A PowerPoint diagram clarifying U.S. strategy in Afghanistan
Having gone on record against the narrative-killing malevolence of PowerPoint (“Unsure? Tell a story . . .”), I was pleased to see that the most popular story in The New York Times this week documents military commanders’ disgust with the fancy slide show. But we haters have little impact: recently someone asked me if I could give a presentation in PowerPoint on a magazine article I wrote. No and no!
The Times‘ April 26 story by Elisabeth Bumiller refers to a recent evisceration of PowerPoint in Armed Forces Journal by retired Marine Corps officer T.X. Hammes, who writes in his essay, “Make no mistake, PowerPoint is not a neutral tool — it is actively hostile to thoughtful decision-making. It has fundamentally changed our culture by altering the expectations of who makes decisions, what decisions they make and how they make them.”
Like an insurgency, PowerPoint has crept into the daily lives of military commanders and reached the level of near obsession. The amount of time expended on PowerPoint, the Microsoft presentation program of computer-generated charts, graphs and bullet points, has made it a running joke in the Pentagon and in Iraq and Afghanistan.
“PowerPoint makes us stupid,” Gen. James N. Mattis of the Marine Corps, the Joint Forces commander, said this month at a military conference in North Carolina. (He spoke without PowerPoint.) Brig. Gen. H. R. McMaster, who banned PowerPoint presentations when he led the successful effort to secure the northern Iraqi city of Tal Afar in 2005, followed up at the same conference by likening PowerPoint to an internal threat. . . .
Commanders say that behind all the PowerPoint jokes are serious concerns that the program stifles discussion, critical thinking and thoughtful decision-making. Not least, it ties up junior officers—referred to as PowerPoint Rangers—in the daily preparation of slides, be it for a Joint Staff meeting in Washington or for a platoon leader’s pre-mission combat briefing in a remote pocket of Afghanistan.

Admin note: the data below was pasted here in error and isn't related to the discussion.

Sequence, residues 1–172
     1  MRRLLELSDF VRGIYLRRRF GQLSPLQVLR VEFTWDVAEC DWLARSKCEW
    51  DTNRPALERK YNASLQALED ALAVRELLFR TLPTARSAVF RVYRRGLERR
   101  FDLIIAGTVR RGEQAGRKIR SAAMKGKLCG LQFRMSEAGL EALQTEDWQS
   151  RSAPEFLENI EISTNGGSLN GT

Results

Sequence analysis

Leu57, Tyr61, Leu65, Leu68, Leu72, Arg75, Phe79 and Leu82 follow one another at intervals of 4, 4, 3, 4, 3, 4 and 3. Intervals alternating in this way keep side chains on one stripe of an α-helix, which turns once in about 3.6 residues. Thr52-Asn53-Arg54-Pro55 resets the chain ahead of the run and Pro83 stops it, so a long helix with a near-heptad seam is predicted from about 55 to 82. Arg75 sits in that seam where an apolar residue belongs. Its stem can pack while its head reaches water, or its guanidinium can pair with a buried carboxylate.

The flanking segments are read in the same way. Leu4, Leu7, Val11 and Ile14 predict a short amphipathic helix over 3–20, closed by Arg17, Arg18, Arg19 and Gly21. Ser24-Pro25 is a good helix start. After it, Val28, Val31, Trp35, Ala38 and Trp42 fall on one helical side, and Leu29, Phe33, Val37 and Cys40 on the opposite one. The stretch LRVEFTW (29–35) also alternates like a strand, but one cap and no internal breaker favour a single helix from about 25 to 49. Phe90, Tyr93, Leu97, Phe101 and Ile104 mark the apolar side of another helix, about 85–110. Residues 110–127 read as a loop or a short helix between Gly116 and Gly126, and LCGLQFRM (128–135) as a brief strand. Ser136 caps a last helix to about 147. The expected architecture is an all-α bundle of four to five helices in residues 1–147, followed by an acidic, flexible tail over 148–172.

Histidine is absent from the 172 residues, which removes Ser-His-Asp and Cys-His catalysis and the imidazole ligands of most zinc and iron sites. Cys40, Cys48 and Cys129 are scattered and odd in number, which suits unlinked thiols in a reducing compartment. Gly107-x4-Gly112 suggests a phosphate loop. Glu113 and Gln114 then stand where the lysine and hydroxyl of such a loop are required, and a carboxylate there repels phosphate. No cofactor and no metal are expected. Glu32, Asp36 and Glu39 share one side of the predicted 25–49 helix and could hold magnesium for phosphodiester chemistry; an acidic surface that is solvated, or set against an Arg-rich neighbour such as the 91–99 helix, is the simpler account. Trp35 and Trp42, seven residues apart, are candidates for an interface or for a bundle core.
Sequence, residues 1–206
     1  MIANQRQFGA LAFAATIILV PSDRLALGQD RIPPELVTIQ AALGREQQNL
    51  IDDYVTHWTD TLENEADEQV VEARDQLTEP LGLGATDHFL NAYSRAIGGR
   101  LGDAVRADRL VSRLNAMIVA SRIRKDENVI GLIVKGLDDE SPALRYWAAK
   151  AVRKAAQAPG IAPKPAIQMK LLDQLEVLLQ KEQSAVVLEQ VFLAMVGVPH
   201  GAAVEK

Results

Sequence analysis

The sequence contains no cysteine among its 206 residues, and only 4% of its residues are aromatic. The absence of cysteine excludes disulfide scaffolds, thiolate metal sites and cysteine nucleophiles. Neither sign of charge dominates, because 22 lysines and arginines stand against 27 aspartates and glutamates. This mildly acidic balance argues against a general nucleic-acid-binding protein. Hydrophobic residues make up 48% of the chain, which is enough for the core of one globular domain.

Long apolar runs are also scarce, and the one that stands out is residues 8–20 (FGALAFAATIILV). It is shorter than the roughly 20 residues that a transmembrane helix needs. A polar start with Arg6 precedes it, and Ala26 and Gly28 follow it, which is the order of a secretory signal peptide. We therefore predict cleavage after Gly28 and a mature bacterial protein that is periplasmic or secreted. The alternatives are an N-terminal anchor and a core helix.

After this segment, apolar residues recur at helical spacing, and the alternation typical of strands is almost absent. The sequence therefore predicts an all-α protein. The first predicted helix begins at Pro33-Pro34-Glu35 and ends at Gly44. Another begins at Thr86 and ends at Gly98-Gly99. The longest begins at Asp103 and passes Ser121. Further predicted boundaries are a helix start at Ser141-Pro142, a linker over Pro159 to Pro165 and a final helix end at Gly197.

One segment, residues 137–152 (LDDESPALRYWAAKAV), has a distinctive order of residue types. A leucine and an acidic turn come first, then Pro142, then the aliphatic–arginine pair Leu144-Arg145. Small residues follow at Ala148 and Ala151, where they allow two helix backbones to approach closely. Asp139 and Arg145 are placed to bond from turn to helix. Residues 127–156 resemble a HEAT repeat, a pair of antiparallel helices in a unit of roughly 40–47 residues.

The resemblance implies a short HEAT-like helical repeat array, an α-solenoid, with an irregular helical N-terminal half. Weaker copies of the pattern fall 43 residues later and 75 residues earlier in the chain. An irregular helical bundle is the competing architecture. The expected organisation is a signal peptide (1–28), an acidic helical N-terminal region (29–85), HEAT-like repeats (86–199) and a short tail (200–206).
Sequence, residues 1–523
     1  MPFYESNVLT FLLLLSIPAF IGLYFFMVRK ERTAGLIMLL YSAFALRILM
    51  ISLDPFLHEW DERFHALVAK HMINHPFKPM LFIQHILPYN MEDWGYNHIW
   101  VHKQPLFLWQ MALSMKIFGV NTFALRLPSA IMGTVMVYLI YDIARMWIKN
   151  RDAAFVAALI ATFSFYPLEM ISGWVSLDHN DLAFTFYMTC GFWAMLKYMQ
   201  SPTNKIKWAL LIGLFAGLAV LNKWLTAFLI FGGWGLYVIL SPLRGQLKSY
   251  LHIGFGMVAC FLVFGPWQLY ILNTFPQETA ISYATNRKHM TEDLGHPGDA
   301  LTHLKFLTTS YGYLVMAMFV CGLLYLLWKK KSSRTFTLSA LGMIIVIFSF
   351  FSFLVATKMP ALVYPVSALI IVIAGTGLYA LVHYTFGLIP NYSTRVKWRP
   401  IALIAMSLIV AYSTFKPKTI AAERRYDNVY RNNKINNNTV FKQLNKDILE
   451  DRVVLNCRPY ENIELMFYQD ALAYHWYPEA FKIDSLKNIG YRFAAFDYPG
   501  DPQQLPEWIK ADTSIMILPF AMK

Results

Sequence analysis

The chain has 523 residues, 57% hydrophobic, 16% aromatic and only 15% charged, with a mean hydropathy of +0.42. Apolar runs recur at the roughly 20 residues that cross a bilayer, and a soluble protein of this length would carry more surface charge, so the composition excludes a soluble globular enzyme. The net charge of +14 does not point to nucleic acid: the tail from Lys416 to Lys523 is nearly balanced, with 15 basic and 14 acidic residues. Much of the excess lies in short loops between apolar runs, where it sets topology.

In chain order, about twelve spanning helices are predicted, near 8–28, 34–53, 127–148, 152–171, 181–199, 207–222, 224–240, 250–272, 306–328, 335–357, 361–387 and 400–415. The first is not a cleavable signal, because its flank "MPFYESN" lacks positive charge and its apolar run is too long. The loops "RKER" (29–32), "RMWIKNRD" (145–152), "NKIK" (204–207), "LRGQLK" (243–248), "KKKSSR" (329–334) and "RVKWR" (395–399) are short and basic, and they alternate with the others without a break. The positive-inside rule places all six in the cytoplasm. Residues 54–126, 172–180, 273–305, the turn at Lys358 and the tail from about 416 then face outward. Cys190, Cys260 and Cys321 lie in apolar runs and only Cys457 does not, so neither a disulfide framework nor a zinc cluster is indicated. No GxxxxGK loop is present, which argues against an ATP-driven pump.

I read my first criticism of PowerPoint before I’d consciously seen many presentations. It probably flowed from Edward Tufte, author of The Visual Display of Quantitative Information, whose essays “The Cognitive Style of PowerPoint” and “PowerPoint is Evil” damn it as cognitive novacaine. Citing Tufte, the board that investigated the space shuttle Columbia disaster implicated the software, used during the crisis, for what was allegedly a flawed response to the ship’s danger. (See “PowerPoint, Killer App” by Ruth Marcus in The Washington Post.)
I can’t speak knowledgeably to that, but I do study storytelling, and recently I’ve noticed PowerPoint’s danger for any users—from businesspeople to educators to ministers—who want or need to tell stories. PowerPoint is fatal to stories.
The software is being misused any time the speaker’s primary goal is storytelling—it’s astonishingly effective at killing personal narratives and personal arguments. Among other things, it flattens heartfelt content and subtext, destroys narrative pacing and structure, and makes what should be personal scattered and bloodless. And everyone knows this. By now, a Pavlovian stupor settles upon the audience when the fancy slideshow begins.
Probably okay for certain presentations if used intelligently, PowerPoint reduces the user who would tell a story to a mere host who can only point witlessly to the elephant sucking the oxygen from the room. At best, such a speaker appears to be selling something, not telling a story, the most potent way our species has discovered to receive meaning.
If you need to tell a story, that human thing, stand up there and try without a technological overlay. Anything is better than using PowerPoint thoughtlessly, even flailing your arms and bursting into tears. I say unto you as I say unto myself: When in doubt about what you should do, when you aren’t sure if your audience really needs bullet-point factoids, when you need to make an introduction and fear waffling on and babbling, just tell a story.